Watch these A-10 attack aircraft make history by operating from a US highway for the first time

·4 min read
US A-10 aircraft landing on a highway in Estonia during exercise
A US A-10 aircraft landing on a highway in Estonia. The US military has conducted these types of landings abroad, but this is the first time a modern aircraft has done so on US soil. NATO
  • A-10 attack aircraft practiced operating from a Michigan highway on Thursday.

  • The training is believed to be the first time modern aircraft have operated from highways on US soil.

  • US A-10 pilots have repeatedly carried out this type of training in Europe.

  • See more stories on Insider's business page.

A-10 attack aircraft landed on and took off from a US highway on Thursday in a first for modern Air Force planes.

Authorities closed off Michigan State Highway M-32 on Thursday for a training exercise in which the Michigan National Guard's 127th Wing, the Air Force's 355th Wing, and Air Force Special Operations Command practiced operating four A-10C Thunderbolt II aircraft and two C-146A Wolfhound special operations transport planes from the roadway.

A US  Air Force A-10 Thunderbolt II lands on a Michigan State Highway in Alpena, Michigan, Aug. 5, 2021
A US Air Force A-10 Thunderbolt II lands on a Michigan State Highway in Alpena, Michigan, Aug. 5, 2021 US Air Force photo by Senior Airman Alex M. Miller

The training was part of the larger Exercise Northern Strike at the National All-Domain Warfighting Center.

"This is believed to be the first time in history that modern Air Force aircraft have intentionally landed on a civilian roadway on US soil," Air Force Col. James Rossi, commander of the NADWC's Alpena Combat Readiness Training Center, said in a recent statement.

"Our efforts are focused on our ability to train the warfighter in any environment across the continuum so our nation can compete, deter, and win today and tomorrow," he said.

The Michigan Department of Transportation, which helped to remove some power lines and road signs but did not make any modifications to the road during the planning for the exercise, released multiple videos of the training.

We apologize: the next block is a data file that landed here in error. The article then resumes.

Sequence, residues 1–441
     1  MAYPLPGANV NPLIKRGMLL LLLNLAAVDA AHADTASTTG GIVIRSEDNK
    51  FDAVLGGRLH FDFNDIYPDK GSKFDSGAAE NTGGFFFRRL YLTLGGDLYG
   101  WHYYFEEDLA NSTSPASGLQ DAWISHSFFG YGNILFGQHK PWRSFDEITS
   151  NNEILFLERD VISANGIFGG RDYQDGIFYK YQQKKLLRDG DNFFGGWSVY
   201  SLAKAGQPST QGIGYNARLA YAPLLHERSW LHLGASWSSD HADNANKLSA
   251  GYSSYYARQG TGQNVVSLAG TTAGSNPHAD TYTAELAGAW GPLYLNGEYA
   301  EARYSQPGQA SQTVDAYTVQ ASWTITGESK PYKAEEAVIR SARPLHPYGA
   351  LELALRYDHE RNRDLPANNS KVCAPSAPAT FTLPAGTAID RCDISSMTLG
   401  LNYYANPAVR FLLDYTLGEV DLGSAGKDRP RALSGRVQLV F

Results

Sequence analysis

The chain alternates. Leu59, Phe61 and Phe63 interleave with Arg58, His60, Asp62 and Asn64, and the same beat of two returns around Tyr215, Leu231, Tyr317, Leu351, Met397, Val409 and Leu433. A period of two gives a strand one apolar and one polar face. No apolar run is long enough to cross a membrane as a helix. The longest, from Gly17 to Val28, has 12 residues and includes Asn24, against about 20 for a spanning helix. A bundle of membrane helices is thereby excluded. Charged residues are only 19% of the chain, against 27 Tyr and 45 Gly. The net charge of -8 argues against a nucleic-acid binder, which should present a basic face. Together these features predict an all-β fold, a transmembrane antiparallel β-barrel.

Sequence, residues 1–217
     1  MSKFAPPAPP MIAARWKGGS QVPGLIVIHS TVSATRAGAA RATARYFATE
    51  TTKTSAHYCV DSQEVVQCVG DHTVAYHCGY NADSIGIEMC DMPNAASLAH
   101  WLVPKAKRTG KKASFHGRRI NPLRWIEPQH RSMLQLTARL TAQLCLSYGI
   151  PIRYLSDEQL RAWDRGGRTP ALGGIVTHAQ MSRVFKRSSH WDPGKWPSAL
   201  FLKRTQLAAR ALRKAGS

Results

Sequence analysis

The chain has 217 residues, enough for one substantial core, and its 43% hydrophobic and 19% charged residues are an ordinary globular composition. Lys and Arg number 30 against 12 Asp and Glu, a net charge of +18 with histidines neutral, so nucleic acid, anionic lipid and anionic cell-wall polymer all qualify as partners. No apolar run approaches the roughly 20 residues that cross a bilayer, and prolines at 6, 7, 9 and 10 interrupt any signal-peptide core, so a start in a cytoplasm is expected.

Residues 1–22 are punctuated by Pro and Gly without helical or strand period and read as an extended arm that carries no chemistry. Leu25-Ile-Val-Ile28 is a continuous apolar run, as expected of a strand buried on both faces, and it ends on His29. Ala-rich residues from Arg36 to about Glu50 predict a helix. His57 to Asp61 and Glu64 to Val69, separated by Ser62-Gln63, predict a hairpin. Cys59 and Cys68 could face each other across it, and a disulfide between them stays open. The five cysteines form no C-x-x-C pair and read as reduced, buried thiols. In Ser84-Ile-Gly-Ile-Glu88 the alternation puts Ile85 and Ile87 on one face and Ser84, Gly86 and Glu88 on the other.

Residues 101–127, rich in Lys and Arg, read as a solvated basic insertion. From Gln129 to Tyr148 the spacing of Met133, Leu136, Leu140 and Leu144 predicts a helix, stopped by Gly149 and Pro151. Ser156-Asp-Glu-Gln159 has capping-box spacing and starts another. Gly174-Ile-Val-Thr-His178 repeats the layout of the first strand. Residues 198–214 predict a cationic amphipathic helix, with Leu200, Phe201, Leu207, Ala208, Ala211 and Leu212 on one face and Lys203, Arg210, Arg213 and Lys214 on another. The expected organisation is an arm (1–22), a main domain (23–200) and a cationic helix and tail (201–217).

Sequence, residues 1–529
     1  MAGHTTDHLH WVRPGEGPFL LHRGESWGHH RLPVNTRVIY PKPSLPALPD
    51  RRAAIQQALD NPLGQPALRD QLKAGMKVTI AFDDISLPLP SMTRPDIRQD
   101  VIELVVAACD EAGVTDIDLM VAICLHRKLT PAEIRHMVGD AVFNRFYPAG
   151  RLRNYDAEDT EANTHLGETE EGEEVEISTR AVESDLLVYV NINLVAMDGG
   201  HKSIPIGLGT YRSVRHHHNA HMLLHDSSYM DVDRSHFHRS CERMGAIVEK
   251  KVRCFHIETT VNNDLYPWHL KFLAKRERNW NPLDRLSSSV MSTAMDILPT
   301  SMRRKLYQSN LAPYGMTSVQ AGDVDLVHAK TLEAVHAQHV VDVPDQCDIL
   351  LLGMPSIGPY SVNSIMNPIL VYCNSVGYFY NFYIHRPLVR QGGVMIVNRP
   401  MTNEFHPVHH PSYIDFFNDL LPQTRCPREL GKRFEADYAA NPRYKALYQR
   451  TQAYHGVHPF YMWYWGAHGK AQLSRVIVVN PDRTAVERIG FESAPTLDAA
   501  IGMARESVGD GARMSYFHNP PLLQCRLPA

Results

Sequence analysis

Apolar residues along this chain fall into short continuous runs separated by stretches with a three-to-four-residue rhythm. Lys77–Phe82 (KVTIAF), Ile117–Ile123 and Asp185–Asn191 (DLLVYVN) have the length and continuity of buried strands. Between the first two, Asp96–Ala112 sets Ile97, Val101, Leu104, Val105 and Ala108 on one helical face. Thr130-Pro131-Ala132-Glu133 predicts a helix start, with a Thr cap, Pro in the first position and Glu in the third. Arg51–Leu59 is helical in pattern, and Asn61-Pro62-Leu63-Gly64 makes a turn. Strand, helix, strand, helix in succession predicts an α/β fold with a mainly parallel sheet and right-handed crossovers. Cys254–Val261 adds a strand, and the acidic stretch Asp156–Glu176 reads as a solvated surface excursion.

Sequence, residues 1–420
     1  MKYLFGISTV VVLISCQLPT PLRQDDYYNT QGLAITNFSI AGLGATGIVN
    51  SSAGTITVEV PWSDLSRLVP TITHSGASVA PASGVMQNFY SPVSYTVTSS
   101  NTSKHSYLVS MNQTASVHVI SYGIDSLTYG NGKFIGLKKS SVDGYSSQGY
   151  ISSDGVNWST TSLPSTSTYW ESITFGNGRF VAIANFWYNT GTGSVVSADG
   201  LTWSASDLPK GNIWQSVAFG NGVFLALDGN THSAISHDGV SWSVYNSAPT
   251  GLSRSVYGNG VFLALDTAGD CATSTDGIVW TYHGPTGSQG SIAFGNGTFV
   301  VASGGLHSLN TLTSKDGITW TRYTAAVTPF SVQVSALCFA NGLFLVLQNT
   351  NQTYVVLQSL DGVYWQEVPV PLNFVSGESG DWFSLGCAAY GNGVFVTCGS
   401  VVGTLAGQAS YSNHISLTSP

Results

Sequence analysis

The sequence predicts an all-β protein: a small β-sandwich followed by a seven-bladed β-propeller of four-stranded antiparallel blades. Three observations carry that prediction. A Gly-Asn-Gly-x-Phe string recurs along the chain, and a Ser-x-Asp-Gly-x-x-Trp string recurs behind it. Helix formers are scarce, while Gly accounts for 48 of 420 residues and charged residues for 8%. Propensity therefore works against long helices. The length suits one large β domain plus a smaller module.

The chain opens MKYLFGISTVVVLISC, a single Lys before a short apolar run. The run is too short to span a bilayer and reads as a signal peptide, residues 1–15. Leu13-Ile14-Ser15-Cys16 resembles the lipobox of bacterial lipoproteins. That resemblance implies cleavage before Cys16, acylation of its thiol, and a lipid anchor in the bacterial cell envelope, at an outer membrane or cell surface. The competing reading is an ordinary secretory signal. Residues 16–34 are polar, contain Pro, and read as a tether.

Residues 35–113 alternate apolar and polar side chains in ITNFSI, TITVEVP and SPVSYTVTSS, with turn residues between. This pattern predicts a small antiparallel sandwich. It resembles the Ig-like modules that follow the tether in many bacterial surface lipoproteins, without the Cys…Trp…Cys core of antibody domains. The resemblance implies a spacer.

The Michigan State Police jokingly tweeted Thursday that "no speeding citations were issued during the exercise."

"This year's Northern Strike exercise includes testing the rapid insertion of an Air Expeditionary Wing (AEW) into a bare-base environment," Brig. Gen. Bryan Teff, the Michigan Air National Guard adjutant general for air, said recently.

"They will establish logistics and communications in order to receive follow-on forces, generate mission employment including the austere landing on M-32, and project combat power across all domains," he added.

While the training made history in the US, it is not uncommon. In 2018, for example, the Michigan National Guard pilots practiced landing A-10s on highways in Estonia.

US A-10 aircraft landing on a highway in Estonia during exercise.
A US A-10 aircraft landing on a highway abroad during a past exercise. NATO

Other fighter wings have done the same in the Baltics.

During the Cold War, fixed-wing aircraft occasionally trained to operate from civilian airfields and highways in Europe as opposed to established airstrips more likely be targeted during a great power conflict.

The Michigan National Guard said in a recent statement that "dynamic exercises like the highway landing during Northern Strike demonstrates the Air Force's ability to deploy rapidly from anywhere, at any time, which is a critical edge the Air Force maintains over its adversaries."

Training to operate from a highway is linked to the Air Force's Agile Combat Employment (ACE) strategy, a National Guard spokesperson told Insider. The strategy looks in part at the dispersal of forces to traditional and non-traditional airstrips to make it harder for an adversary to eliminate a combat capability.

US Air Force pilots have also practiced operating from other austere runways. For instance, in 2019, A-10 pilots from the 190th Fighter Squadron practiced landing on a rough landing strip in the California desert.

Air Force A-10 Thunderbolt Warthog austere landing
An A-10 Thunderbolt II assigned to the 190th Fighter Squadron of the Idaho Air National Guard makes an austere landing and takeoff on the Freedom Landing Strip at the National Training Center, Fort Irwin in California in 2019. US Army National Guard/Sgt. Mason Cutrer

Unlike some of the other aircraft in the US arsenal, the A-10, an aircraft built around a powerful 30-millimeter cannon for close air-support missions, is built for austere landings on nonstandard runways.

"This proof of concept proves that we can land on any highway and continue to operate," Capt. John Renner, a squadron flight commander and pilot who participated in Thursday's training said.

"The A-10 allows us to land a lot more places to get fuel, weapons and other armament so we can operate anywhere, anytime," he said, adding that "this will allow us to get away from using built-up bases that our adversaries can target by moving much more rapidly."

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